To Adrianne, it's the type of community-based solution that she hopes to hone in on in her future work as an attorney.

“In the Bronx, they have reduced their expulsions and suspensions by a huge number,” she explains. “I can only imagine how impactful that would be. Being able to empower underheard voices to communicate their problems is critical,” she adds. “Maybe a student has something going on in their home that's causing the bullying.”

These strains on families and children have been compounded by COVID-19 and the resulting loss of previous routine and structure. 

This has been a major complication in Adrianne’s life as well and made school increasingly difficult.

“When the pandemic hit, I had to go virtual,” Adrianne says. “You don’t get the nuance when you are not in person and as a result, a lot of students have seen their grades drop. I had to put assignments in late because of all the things I have to juggle at home supporting my five children, two of whom are still at home.”

Despite the difficulties, Adrianne is optimistic about the future and what higher education will offer her and her family.

Before deciding to go back to school, she had a variety of jobs. From working as an armed nuclear security officer, to driving an armored truck, to working as traffic control flagger, Adrianne has made ends meet for her family.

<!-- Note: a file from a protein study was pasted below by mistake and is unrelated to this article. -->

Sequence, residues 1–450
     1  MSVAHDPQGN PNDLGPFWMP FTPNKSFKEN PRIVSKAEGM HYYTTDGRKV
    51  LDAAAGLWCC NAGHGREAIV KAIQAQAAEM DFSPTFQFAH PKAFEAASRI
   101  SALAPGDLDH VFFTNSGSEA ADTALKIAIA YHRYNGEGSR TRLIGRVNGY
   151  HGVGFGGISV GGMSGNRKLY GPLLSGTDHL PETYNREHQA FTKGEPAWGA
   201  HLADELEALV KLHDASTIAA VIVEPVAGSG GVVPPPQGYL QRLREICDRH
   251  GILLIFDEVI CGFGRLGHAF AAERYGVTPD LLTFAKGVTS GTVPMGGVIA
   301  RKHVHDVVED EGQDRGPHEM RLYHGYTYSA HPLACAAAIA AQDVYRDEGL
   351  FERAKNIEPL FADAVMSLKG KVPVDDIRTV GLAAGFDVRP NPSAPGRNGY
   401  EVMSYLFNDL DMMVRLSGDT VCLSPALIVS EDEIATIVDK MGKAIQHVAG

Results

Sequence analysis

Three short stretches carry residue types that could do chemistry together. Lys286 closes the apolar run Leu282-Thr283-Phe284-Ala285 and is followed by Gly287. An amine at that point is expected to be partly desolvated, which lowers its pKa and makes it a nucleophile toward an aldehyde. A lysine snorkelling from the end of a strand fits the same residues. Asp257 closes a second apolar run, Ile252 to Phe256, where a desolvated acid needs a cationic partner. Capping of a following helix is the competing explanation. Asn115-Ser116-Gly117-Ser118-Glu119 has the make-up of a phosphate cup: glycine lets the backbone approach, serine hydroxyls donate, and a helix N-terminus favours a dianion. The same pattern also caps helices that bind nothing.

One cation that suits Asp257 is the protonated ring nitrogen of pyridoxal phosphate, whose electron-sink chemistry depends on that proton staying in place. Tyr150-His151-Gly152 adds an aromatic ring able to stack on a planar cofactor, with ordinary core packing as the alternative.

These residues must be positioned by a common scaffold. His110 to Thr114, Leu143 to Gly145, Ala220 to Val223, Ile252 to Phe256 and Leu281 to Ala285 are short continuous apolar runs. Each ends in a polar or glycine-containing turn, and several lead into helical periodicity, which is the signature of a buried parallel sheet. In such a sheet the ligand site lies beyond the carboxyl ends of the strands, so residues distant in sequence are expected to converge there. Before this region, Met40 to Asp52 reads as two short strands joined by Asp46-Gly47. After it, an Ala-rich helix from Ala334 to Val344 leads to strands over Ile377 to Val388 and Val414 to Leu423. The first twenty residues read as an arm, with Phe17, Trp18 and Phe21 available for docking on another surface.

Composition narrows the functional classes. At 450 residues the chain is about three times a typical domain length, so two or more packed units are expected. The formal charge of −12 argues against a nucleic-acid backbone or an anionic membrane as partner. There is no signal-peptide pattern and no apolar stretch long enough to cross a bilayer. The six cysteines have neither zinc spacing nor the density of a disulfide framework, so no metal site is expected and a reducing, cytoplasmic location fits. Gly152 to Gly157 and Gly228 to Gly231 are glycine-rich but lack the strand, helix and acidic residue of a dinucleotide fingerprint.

The opportunity to share VSAC’s Educational Opportunity Center resources with people in her life and community is something Adrianne is constantly focused on.

“I have spoken with a number of nontraditional students and told them to reach out to VSAC,” she says.

Adrianne emphasized how important VSAC’s Educational Opportunity Center has been to her life.

“Were it not for Marti’s encouragement, support, and incredible dedication to her work, I would not have found the courage or the funding to have reached for these things that are now within my grasp,” she stated.

Adrianne’s advice to those who are considering changing career paths?

“Anybody that thinks they are too old or too busy to attend college, all I can say is go for it,” she advises. “You’re never too late to do what you want to do. Just because you get to be an adult doesn't mean you stop learning or stop trying and VSAC is there to help you. My life is just beginning.”

Educational Opportunity Center: 30 years helping Vermont adults achieve success

Ready to take the next step in your career? Considering a class, certification, career training, or college program?  Whether you’re starting for the first time, returning to school after a gap, or are an avid lifelong learner, VSAC is here to help. The Educational Opportunity Center program at VSAC serves adults who do not yet have a 4-year degree. Most adults served through EOC are the first in their families to go to college and have financial barriers to pursuing their goals beyond high school. VSAC EOC counselors throughout the state help with career exploration, education and training options, and financial aid applications.

Our EOC counselors can help you:

Ready to access these services and more? Contact a VSAC EOC team member by calling 877-961-4369. Stay safe. Stay healthy. Stay in touch. We’re here for you.